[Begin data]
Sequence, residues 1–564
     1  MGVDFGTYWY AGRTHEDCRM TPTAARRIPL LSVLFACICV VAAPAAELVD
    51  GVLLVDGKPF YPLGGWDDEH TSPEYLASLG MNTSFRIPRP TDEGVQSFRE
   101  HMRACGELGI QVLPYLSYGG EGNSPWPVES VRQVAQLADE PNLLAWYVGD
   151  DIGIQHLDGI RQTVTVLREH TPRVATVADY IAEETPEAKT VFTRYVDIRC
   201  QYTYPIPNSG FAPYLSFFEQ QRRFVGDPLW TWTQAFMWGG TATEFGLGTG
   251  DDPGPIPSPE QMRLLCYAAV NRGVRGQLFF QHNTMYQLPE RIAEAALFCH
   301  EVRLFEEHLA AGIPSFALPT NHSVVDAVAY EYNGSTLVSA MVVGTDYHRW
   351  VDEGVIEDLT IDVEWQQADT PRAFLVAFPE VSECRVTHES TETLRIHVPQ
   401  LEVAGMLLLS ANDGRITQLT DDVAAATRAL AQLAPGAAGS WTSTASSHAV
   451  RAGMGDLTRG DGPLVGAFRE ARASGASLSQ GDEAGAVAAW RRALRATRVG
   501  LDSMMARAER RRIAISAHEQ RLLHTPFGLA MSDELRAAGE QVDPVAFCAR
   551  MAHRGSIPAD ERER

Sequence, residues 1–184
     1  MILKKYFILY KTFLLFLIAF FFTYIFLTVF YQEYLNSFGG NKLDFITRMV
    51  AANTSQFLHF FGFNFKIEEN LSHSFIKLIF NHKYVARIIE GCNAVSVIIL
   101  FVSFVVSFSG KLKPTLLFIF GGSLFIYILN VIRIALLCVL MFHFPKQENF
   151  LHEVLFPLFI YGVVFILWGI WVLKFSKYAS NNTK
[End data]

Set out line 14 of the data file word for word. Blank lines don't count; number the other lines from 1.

Sequence, residues 1–184